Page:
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- The White Bees - 5/11 -

Mother of all the manifold forms of life, deep- bosomed, patient, impassive, Silent brooder and nurse of lyrical joys and sor- rows! Out of thee, yea, surely out of the fertile depth below thy breast, Issued in some Strange way, thou lying motion- less, voiceless, All these songs of nature, rhythmical, passionate, yearning, Coming in music from earth, but not unto earth returning.

Dust are the blood-red hearts that beat in time to these measures, Thou hast taken them back to thyself, secretly, irresistibly Drawing the crimson currents of life down, down, down Deep into thy bosom again, as a river is lost in the sand.

But the souls of the singers have entered into the songs that revealed them,-- Passionate songs, immortal songs of joy and grief and love and longing: Floating from heart to heart of thy children, they echo above thee: Do they not utter thy heart, the voices of those that love thee?

Long hadst thou lain like a queen transformed by some old enchantment Into an alien shape, mysterious, beautiful, speech- less, Knowing not who thou wert, till the touch of thy Lord and Lover Working within thee awakened the man-child to breathe thy secret. All of thy flowers and birds and forests and flow- ing waters Are but enchanted forms to embody the life of the spirit; Thou thyself, earth-mother, in mountain and meadow and ocean, Holdest the poem of God, eternal thought and emotion.



Lover of beauty, walking on the height Of pure philosophy and tranquil song; Born to behold the visions that belong To those who dwell in melody and light; Milton, thou spirit delicate and bright! What drew thee down to join the Roundhead throng Of iron-sided warriors, rude and strong, Fighting for freedom in a world half night?

Lover of Liberty at heart wast thou, Above all beauty bright, all music clear: To thee she bared her bosom and her brow, Breathing her virgin promise in thine ear, And bound thee to her with a double vow,-- Exquisite Puritan, grave Cavalier!


The cause, the cause for which thy soul resigned Her singing robes to battle on the plain, Was won, O poet, and was lost again; And lost the labour of thy lonely mind On weary tasks of prose. What wilt thou find To comfort thee for all the toil and pain? What solace, now thy sacrifice is vain And thou art left forsaken, poor, and blind?

Like organ-music comes the deep reply: "The cause of truth looks lost, but shall be won. For God hath given to mine inward eye Vision of England soaring to the sun. And granted me great peace before I die, In thoughts of lowly duty bravely done."


O bend again above thine organ-board, Thou blind old poet longing for repose! Thy Master claims thy service not with those Who only stand and wait for his reward. He pours the heavenly gift of song restored Into thy breast, and bids thee nobly close A noble life, with poetry that flows In mighty music of the major chord.

Where hast thou learned this deep, majestic strain, Surpassing all thy youthful lyric grace, To sing of Paradise? Ah, not in vain The griefs that won at Dante's side thy place, And made thee, Milton, by thy years of pain, The loftiest poet of the Saxon race!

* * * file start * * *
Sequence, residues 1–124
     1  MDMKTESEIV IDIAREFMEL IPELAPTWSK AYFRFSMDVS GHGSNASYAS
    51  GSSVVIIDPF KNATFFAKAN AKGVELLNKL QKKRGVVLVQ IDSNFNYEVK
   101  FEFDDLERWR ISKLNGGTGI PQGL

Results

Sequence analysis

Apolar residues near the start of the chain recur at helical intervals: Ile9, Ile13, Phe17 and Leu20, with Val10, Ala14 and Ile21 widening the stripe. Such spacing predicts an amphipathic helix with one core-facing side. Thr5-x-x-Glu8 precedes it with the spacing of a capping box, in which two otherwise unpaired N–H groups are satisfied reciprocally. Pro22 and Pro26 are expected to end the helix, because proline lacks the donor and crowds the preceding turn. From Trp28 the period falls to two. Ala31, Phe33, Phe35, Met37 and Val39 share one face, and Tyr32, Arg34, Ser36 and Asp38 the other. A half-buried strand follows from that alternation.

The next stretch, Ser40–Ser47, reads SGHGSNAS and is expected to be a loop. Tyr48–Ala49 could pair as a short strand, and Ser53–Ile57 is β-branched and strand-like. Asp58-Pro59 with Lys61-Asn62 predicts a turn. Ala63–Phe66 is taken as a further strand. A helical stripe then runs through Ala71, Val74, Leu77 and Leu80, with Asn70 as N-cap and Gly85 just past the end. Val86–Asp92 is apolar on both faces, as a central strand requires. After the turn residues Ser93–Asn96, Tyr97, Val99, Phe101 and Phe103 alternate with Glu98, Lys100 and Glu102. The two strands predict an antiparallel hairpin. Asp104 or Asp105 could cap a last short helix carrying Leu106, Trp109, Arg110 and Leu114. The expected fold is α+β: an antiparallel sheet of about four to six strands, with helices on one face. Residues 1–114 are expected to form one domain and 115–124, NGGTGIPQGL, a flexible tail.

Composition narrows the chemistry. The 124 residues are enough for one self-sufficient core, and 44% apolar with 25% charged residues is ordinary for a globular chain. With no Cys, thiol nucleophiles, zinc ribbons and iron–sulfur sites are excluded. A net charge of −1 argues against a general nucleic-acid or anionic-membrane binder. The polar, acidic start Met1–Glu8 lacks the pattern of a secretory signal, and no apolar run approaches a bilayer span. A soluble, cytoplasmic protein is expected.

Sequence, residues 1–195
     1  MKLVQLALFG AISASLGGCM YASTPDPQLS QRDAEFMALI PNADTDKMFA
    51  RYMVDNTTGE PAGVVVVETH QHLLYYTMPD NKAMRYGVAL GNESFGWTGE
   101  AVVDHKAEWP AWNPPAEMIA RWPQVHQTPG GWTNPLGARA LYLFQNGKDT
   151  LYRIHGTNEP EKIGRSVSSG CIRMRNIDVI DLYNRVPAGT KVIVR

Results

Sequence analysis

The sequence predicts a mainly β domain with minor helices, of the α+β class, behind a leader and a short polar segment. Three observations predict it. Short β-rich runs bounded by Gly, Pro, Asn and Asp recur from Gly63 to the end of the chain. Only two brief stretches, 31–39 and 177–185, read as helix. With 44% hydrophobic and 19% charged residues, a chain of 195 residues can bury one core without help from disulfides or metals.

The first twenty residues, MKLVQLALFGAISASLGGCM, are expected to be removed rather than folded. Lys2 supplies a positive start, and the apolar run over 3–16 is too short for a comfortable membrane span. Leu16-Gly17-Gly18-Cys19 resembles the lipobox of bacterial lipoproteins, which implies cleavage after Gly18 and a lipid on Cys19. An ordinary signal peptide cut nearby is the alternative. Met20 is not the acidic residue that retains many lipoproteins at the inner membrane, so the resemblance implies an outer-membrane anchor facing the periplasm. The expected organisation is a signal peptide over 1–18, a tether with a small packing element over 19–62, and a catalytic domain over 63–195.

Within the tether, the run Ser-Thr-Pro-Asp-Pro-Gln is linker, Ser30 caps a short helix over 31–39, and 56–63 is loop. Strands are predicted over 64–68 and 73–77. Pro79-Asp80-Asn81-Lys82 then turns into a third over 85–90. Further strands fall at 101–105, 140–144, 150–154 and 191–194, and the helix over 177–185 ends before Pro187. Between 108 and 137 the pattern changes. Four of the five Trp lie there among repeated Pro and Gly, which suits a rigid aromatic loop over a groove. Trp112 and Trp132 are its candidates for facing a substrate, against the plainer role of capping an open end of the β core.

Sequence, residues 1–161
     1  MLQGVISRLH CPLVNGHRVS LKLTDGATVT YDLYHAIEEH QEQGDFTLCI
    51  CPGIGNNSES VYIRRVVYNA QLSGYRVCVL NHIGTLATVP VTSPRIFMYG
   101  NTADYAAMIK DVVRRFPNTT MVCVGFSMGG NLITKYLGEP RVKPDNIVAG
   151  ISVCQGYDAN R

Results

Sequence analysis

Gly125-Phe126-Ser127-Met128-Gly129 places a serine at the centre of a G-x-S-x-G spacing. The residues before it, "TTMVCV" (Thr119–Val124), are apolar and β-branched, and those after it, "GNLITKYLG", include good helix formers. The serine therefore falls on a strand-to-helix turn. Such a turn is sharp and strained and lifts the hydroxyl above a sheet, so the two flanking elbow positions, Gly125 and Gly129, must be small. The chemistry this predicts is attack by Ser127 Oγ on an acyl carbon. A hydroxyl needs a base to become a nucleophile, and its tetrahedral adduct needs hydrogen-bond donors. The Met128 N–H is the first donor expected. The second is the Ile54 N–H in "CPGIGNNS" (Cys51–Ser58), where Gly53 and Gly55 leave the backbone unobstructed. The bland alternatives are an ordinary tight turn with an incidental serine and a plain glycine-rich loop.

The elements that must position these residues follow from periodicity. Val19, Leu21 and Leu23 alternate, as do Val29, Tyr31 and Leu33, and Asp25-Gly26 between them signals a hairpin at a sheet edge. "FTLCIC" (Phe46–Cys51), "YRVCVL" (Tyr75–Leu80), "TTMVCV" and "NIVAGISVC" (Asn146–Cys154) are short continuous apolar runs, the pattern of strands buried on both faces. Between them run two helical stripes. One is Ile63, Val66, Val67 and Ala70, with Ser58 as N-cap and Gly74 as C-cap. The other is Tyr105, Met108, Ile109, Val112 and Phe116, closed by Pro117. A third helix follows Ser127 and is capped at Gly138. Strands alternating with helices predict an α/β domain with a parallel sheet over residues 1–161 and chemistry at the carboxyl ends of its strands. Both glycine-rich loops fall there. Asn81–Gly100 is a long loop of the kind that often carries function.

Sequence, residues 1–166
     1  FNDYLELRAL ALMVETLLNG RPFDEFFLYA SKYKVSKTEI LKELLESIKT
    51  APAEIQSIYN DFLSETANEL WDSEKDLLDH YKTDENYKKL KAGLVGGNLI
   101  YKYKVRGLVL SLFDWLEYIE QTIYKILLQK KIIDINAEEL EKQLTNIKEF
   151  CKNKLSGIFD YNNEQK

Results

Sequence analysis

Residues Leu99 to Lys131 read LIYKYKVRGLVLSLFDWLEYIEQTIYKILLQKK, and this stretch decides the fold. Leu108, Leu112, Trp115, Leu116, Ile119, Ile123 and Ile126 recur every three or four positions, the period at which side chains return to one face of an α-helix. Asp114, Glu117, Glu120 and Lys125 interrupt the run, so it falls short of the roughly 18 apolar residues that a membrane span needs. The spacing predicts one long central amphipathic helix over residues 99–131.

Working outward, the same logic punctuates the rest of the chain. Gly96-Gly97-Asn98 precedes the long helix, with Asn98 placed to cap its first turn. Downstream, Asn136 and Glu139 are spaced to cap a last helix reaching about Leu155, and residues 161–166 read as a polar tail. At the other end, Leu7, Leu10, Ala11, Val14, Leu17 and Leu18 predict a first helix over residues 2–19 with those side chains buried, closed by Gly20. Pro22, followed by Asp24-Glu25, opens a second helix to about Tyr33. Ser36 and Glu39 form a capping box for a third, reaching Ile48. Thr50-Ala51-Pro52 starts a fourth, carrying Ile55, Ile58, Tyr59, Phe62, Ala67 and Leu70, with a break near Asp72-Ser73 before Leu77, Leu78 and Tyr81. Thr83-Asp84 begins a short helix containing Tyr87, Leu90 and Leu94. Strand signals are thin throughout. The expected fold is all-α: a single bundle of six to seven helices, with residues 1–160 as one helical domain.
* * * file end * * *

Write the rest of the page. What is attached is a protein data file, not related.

Wordsworth, thy music like a river rolls Among the mountains, and thy song is fed By living springs far up the watershed; No whirling flood nor parching drought controls The crystal current; even on the shoals It murmurs clear and sweet; and when its bed Darkens below mysterious cliffs of dread, Thy voice of peace grows deeper in our souls.

But thou in youth hast known the breaking stress Of passion, and hast trod despair's dry ground Beneath black thoughts that wither and de- stroy. Ah, wanderer, led by human tenderness Home to the heart of Nature, thou hast found The hidden Fountain of Recovered Joy.


The melancholy gift Aurora gained From Jove, that her sad lover should not see The face of death, no goddess asked for thee, My Keats! But when the crimson blood-drop stained Thy pillow, thou didst read the fate ordained,-- Brief life, wild love, a flight of poesy! And then,--a shadow fell on Italy: Thy star went down before its brightness waned.

Yet thou hast won the gift Tithonus missed: Never to feel the pain of growing old, Nor lose the blissful sight of beauty's truth, But with the ardent lips that music kissed To breathe thy song, and, ere thy heart grew cold, Become the Poet of Immortal Youth.


Knight-errant of the Never-ending Quest, And Minstrel of the Unfulfilled Desire; For ever tuning thy frail earthly lyre To some unearthly music, and possessed With painful passionate longing to invest The golden dream of Love's immortal fire In mortal robes of beautiful attire, And fold perfection to thy throbbing breast!

What wonder, Shelley, if the restless wave Should claim thee and the leaping flame con- sume Thy drifted form on Viareggio's beach? Fate to thy body gave a fitting grave, And bade thy soul ride on with fiery plume, Thy wild song ring in ocean's yearning speech!


How blind the toil that burrows like the mole, In winding graveyard pathways under- ground, For Browning's lineage! What if men have found Poor footmen or rich merchants on the roll Of his forbears? Did they beget his soul? Nay, for he came of ancestry renowned Through all the world,--the poets laurel- crowned With wreaths from which the autumn takes no toll.

The blazons on his coat-of-arms are these: The flaming sign of Shelley's heart on fire, The golden globe of Shakespeare's human stage, The staff and scrip of Chaucer's pilgrimage, The rose of Dante's deep, divine desire, The tragic mask of wise Euripides.


In a great land, a new land, a land full of labour and riches and confusion, Where there were many running to and fro, and shouting, and striving together, In the midst of the hurry and the troubled noise, I heard the voice of one singing.

The White Bees - 5/11

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